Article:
Anyway, that’s the news hereabouts. Oh, Jerry De Silva just successfully defended his PhD dissertation, and his talk was really cool and informative (it was about climbing and feet, and you know how I love climbing). This Wednesday Robin Nelson will be defending her dissertation, and although I’m no psychic, no Johnny Carson, I’m pretty confident that her talk will be interesting and that she will defend successfully. So congratulations to Jerry and (prematurely) to Robin! Oh, and Kristen got a job and her research grant, so Kudos to her, too. And I’m gonna run my first half-marathon in a week and a half. Sweet.

References

de Lumley M-A, Bardintzeff J-M, Bienvenu P, Bilcot J-B, Flamenbaum G, Guy C, Jullien M, de Lumley H, Nabot J-P, Perrenoud C, Provitina O, Tourasse M (2008) Impact probable du volcanisme sur le décès des Hominidés de Dmanissi. Comptes Rendus Palevol 7(1):61-79

Hanna JB, Schmitt D, Griffin TM (2008) The Energetic Cost of Climbing in Primates. Science 320(5878):898-

Rightmire GP, Van Arsdale AP, Lordkipanidze D Variation in the mandibles from Dmanisi, Georgia. Journal of Human Evolution In Press, Corrected Proof

Wobber V, Hare B, Wrangham R Great apes prefer cooked food. Journal of Human Evolution In Press, Corrected Proof

Wednesday, May 14, 2008

summerployment

the summer job search. it's one of those painful, inevitable parts of life that lies somewhere between the inebriation following finals and the packing/moving of your crap preceding the fall semester. if you're responsible and on top of things, you start in advance. for once in my life, i DID start very, very far in advance (almost immediately after arriving in ann arbor) - what to do this summer? i had some ideas, which fell apart, until my advisor and i finally worked out a somewhat do-able project for summer. but then there was that pesky question of "funding," required for, you know, such pursuits as "paying rent," and "not starving." so we applied for a grant. oh, the grant application. what a stupid exercise in frivolous question answering and detail-providing. i know, i know. i'm a grad student. i'm going to write like, a million billion (trillion?) of these applications, and so on. however, the experience i have had in waiting for the holy grail of graduate life - a GRANT - has been frustrating, annoying, and downright irritating (i think those are all synonyms. i dont care. moving on...).

so what did i do? i started to look for a "real" job. not a real real job - like being an investment banker, a teacher, or a tortured muscian - but a job to pay my rent. here is just a SAMPLE of some of the positions for which i have applied, for purely entertainment value:

- Banana Republic: which actually HIRED me and seemed to have FIRED me before i even attended job training. they didn't even wait to find out i'm a terrible employee before not returning my calls. awesome.

- Radiology lab technician: hey, under job requirements it said "willing to learn." there was nothing mentioned of "expertise" or "previous experience."

- Helping with an elementary school summer program: i love love children, but dealing with snot and knee scrapes every day for 16 weeks might have made me hate hate them.

- Research assistant: okay, i've applied to like 50 of these positions. i went to one interview where i found out i had to know alot about "databases." they asked me, "what types of online databases do you use in your work?" to which i replied "Google Scholar."
--in another interview for a research position, i realized i had no experience with any statistics programs, even though in the job description one of the requirements was "advanced knowledge of SAS." oops.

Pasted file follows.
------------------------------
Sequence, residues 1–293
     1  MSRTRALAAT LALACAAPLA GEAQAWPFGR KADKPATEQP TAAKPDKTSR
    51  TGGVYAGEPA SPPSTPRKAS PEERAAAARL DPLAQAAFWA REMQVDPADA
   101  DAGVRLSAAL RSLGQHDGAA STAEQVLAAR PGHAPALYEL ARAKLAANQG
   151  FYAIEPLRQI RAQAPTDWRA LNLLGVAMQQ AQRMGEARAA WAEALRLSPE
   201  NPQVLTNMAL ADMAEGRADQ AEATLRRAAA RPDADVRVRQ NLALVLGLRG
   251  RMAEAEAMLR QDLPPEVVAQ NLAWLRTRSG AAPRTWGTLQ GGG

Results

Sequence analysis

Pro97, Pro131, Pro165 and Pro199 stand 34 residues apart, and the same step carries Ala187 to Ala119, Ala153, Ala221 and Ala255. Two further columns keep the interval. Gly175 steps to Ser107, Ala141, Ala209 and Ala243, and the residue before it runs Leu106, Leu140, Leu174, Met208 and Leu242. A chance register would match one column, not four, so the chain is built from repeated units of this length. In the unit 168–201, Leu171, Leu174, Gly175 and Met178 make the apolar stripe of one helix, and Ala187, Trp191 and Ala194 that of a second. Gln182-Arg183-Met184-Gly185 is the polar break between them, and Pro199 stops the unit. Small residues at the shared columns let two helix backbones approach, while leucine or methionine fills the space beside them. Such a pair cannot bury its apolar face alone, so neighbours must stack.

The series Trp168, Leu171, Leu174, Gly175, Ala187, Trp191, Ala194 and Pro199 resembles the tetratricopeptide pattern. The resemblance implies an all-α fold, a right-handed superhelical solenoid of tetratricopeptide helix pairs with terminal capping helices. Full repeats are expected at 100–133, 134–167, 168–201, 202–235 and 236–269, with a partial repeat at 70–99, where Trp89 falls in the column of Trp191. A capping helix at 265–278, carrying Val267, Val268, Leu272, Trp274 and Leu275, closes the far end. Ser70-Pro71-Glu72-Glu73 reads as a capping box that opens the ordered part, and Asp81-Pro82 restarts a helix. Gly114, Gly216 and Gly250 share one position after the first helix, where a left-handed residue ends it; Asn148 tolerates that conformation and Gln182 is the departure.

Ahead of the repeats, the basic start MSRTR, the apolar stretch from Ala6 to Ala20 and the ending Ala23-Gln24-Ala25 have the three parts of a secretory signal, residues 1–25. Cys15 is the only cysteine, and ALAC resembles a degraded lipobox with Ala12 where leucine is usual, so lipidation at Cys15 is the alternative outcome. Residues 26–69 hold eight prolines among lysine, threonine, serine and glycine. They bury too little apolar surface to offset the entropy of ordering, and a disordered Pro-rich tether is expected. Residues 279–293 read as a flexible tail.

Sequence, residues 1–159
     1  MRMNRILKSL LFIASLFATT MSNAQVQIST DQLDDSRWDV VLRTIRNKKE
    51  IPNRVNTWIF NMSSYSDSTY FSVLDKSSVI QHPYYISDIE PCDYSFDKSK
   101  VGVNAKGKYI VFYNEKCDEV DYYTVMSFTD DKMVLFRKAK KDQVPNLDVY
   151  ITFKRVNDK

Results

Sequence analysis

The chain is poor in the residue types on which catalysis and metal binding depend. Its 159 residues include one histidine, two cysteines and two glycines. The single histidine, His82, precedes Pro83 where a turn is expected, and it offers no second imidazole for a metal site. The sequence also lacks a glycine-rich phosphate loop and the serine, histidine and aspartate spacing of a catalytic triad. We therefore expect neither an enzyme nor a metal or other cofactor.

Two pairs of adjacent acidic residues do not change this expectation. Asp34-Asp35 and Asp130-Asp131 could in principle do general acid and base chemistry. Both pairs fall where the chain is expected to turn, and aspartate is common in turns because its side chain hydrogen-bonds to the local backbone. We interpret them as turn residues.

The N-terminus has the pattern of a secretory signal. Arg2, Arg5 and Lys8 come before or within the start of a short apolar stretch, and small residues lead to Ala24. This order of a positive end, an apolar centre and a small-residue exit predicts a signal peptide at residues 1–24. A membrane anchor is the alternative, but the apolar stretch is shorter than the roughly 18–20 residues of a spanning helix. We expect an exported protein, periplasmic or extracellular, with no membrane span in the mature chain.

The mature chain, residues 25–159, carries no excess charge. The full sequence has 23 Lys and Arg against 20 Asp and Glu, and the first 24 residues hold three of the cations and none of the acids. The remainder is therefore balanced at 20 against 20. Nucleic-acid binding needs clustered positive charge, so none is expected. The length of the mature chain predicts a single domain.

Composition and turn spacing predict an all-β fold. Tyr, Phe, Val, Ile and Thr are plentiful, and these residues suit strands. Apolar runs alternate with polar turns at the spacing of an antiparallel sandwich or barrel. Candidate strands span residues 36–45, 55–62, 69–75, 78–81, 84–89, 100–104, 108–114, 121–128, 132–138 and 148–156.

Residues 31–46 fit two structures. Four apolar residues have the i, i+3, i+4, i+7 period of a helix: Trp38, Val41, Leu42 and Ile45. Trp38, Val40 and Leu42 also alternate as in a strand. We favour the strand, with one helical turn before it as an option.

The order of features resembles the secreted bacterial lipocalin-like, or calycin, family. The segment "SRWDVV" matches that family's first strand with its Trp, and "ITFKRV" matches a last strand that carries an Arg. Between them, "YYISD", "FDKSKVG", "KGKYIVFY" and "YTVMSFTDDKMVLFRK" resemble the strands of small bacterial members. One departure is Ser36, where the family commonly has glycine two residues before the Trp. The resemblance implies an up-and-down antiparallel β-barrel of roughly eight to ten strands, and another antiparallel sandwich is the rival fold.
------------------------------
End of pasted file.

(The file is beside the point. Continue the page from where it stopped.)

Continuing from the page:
- Receptionist at a hair salon: hey i actually wanted this job. free haircuts? are you kidding? awesome. but they never called me back.

- Caterer: i have never worked in a restaurant or catering in my entire life. i can barely make a sandwich, okay...

- American Apparel: i don't think this store will hire me, because i don't know if i'd be allowed to wear things with prints. and i certainly would not be allowed to eat. i tried on some clothes in there once, i don't know if they make my size. size not zero?

- Urban Outfitters: they have sections on their application for "the last 3 CDs you bought" and "the last magazine you read." in addition to experience and skills requirements, this place also has a "cool" requirement. don't get me wrong, i love this store. but seriously...i am definitely not cool enough to work there.

this is just a small number of the jobs i have applied for, because they are more entertaining than the rest. i have a job interview tomorrow and one on friday (at J. Crew, which when they called me - i won't lie, i almost passed out). let's just hope these go better than my previous 10 or so flubs. or i might be living on the street in a month.

Language Time!

Foreign language requirement time, that is. Guten Tag, meine Damen und Herren. Three (drei) days into my German 101 class and so far so good (gut).

I know we all have this requirement to fill, and that Milford the Great only requires us to be able to read articles in a foreign language (French, German, Italian...). As such, I thought you might be interested in this site. It works like this: copy your foreign language text that you're trying to read and paste it onto the site. The site then hyperlinks all of the words so that when you click on them, the dictionary translation pops up in a new window. The usefulness of this is that it allows you to read a block of text to the best of your ability, quickly looking up the (hopefully few) vocab terms that stump you. It also keeps track of the words you click on and gives you a vocab list of terms to study once you're done, so that the next time you come across them maybe they won't look so foreign. Since the typical intro language book doesn't cover terms like "paleoanthropology, anterior superior iliac spine, hominid origins, etc." I thought this might be a useful way to learn them in context based on the articles you need to be able to read.

Tschuess!

Friday, May 9, 2008

New twist from teeth